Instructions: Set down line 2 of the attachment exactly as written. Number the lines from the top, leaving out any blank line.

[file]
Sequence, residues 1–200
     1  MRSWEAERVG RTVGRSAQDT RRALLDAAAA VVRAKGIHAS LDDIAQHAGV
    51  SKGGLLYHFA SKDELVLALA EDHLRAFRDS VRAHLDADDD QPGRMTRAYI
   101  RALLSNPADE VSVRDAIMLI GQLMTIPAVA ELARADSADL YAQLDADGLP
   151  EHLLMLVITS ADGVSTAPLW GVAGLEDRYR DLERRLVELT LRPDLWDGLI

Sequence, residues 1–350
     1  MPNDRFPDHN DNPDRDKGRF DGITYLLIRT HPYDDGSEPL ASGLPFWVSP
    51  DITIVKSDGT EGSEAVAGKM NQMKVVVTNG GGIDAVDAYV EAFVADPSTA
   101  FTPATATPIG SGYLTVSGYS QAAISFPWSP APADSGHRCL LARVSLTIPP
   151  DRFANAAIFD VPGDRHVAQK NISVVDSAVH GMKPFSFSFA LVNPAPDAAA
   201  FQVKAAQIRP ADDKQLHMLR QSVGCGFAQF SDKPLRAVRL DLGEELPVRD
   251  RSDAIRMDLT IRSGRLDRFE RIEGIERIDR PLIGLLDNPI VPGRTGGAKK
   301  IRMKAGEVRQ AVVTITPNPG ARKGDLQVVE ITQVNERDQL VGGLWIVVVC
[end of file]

     1  MRSWEAERVG RTVGRSAQDT RRALLDAAAA VVRAKGIHAS LDDIAQHAGV